“We’ll just have to dodge the patrols, unless you have some magic spell to make us invisible.” Thur looked impatient, tapping his adl-adl against his palm. He longed to hit something else besides sewer rats with it. Even in his dreams, he pictured braining some Borg with lightening accuracy and how his father would glow with pride. “The sooner we get started, the better. The daylight is coming, not that it makes much difference. As usual, the smog is so thick and dark, you can’t see your hand in front of your face.”
“What’s a Flyover? And what’s daylight?” Annabeth questions were whispered, but impossible to ignore. She would only keep asking until someone answered.
Thur hunkered down beside the little girl. “Daylight is when the sun comes out. It lights up everything so we can see. But we can also be seen, so it’s a good thing and a bad thing. And the Flyover? We’ll find out together, how’s that? I’ve never been there, see.”
“What’s a sun?” Annabeth asked, cupping her small hand around Thur’s chin. “And underneath the dirt, you are still dark. And why have you got soft hair on your face and Miri doesn’t?”
“You just gave me an idea,” Riga interrupted to Thur’s relief. “Here, Thur, take my lazorizer. It’s rusty, I know, but it still works. You keep answering all Annabeth’s questions and I’ll be back in fifteen minutes. If I don’t come back within that time, move on. Don’t wait longer than fifteen minutes, understand? But I plan to be back,” he added, looking at Miri.
“I’m coming with you, Riga. You’re not armed,” Miri said. “I’m trained as a fighter. I know I’m not warrior class, but just the same, you trained me yourself.”
“No, someone has to stay here in case…well, just in case.” But everyone knew what he meant–in case the Borg Patrol spotted them. “Thur has the only weapon and he’ll use it.”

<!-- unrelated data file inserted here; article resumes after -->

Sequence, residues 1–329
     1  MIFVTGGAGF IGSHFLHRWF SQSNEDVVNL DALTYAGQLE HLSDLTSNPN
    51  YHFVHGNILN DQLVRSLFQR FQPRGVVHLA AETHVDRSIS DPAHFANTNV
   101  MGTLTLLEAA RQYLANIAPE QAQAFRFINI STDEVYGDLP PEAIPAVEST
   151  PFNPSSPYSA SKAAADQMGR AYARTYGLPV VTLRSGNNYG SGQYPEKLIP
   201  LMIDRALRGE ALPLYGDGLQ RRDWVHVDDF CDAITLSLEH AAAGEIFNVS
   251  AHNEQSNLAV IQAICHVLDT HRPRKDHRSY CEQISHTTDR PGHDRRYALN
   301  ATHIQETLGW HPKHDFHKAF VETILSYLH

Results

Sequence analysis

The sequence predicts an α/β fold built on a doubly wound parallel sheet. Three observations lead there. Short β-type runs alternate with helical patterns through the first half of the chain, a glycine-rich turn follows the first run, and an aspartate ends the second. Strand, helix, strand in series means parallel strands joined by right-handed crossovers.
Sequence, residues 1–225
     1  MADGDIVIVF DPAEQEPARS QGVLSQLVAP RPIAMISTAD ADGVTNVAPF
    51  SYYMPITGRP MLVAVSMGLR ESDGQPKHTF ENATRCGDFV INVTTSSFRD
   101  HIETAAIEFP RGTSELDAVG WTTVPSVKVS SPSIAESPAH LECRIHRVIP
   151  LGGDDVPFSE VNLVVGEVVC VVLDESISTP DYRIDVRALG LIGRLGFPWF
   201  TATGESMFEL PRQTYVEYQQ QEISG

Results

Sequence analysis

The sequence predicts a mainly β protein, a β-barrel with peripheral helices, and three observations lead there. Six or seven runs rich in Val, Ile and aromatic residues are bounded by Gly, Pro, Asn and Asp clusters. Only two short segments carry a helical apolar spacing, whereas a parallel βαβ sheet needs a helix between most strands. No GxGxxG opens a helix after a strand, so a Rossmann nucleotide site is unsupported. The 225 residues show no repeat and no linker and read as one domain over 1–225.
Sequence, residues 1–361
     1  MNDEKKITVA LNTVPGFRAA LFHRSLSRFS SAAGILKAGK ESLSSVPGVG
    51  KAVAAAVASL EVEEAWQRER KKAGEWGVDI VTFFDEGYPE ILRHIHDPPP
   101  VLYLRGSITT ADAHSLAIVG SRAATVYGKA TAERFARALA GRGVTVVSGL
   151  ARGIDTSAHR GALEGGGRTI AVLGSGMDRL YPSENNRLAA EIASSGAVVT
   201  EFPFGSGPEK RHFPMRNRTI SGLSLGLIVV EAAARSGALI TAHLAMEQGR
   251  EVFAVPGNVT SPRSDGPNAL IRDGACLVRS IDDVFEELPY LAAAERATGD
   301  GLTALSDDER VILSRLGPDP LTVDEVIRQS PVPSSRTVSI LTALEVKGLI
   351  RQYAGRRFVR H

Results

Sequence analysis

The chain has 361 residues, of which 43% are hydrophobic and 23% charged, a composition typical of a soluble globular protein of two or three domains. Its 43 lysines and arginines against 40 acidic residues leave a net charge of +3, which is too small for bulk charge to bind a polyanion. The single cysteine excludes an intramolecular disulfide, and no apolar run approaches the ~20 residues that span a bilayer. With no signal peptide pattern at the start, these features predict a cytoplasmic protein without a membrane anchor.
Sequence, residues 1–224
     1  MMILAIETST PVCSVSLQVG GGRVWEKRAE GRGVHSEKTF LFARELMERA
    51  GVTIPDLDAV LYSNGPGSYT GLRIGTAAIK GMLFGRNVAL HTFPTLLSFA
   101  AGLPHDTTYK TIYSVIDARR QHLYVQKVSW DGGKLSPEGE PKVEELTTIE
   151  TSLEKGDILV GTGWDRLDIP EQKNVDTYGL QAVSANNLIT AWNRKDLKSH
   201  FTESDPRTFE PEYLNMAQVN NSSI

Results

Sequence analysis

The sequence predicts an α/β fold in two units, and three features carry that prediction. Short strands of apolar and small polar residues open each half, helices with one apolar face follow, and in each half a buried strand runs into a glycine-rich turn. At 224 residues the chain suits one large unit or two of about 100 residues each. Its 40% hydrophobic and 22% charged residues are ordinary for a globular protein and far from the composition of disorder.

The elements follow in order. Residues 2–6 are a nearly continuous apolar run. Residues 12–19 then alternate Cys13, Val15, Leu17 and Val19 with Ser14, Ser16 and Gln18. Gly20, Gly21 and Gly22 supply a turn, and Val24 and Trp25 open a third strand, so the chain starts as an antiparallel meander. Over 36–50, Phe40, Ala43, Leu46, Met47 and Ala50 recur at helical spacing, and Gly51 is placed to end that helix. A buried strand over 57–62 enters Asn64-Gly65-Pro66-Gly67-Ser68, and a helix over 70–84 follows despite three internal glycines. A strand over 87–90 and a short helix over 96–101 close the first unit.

“Don’t forget I have my adl-adl,” she said, holding up her version of a slingshot. “I’ve been practicing on frogs and fish ever since you showed me how to use it. I can even beat Thur at close range.”
“Always bragging, Miri,” Thur muttered. “I’ll take a good lazorizer over an adl-adl any time.”
The mutant regarded Thur sternly. “Arms led to the downfall of your kind. Lazorizers didn’t help the Noble Warriors at the Battle of Sumi, not when the Borgs have lazor cannons. There are other ways of accomplishing things without arms. Miri, mark what I say, even if Concrete Brain won’t let it soak in.”
Thur bristled at being called Concrete Brain, a term Riga used when Thur didn’t catch on to something right away. “I’d like to know what’s wrong with vaporizing Borgies. It’s either them or us.”
But Riga just gave his half-sad, half-twisted blue smile. “Remember, fifteen minutes.”
Miri turned to Thur. “You shouldn’t have let him go alone. If they find him, they’ll only trash him, you know that. He’s a Reject.”
“What’s a Reject?” Little Annabeth looked from one tense face to the other, wondering what was wrong with her usually good-humored companions.
They were all brought down to reality by her question. Their perilous situation loomed even greater in their minds when they were forced to put it into words.
“Someone who doesn’t meet the Triumvirate’s standards for the categories,” said Miri trying to plait the little girl’s unruly hair into braids using her fingers as a brush. “Or they might be defective in some way.”
“Or a mutant military machine like Riga,” said Thur, still smarting from Riga’s jibe.
“Or just a human, like us,” Qin said.
“I beg your pardon.” Everyone looked Blu, as though they had forgotten he was there. They usually did. “Speak for yourselves. I am a fully papered robot. Both my parents were robots, and I am practically put together from their old parts.”
“Which is exactly why I found you in the Dumpster.” Aya seemed to be revived by the air coming through the grate. “Your parts were rusted, and you creaked so loud you sounded like a rusty gate.”
“Well, at least I can be recycled,” answered Blu. Everyone looked at him sympathetically. “Except for my fur. They don’t do fur.”
Aya never let them think their differences made them superior to anyone else. “We’re all part of a family, and that allows everybody to be themselves yet we all stick together. That what a family does.”
“What’s a family?” The question hung there in the thick, humid air, daring any of the group to grab it with an answer. Little Annabeth looked from one to the other. “Well, I’m waiting,” she said, looking at Thur.
“It’s where everyone is related, I guess,” he said, looking to Miri for help.
“What’s ‘elated’ mean?”
“Not elated, related,” Aya corrected. “Sometimes families are put together by experiences and stick together out of love. Now, hush the talk. The Guard aren’t that far away.”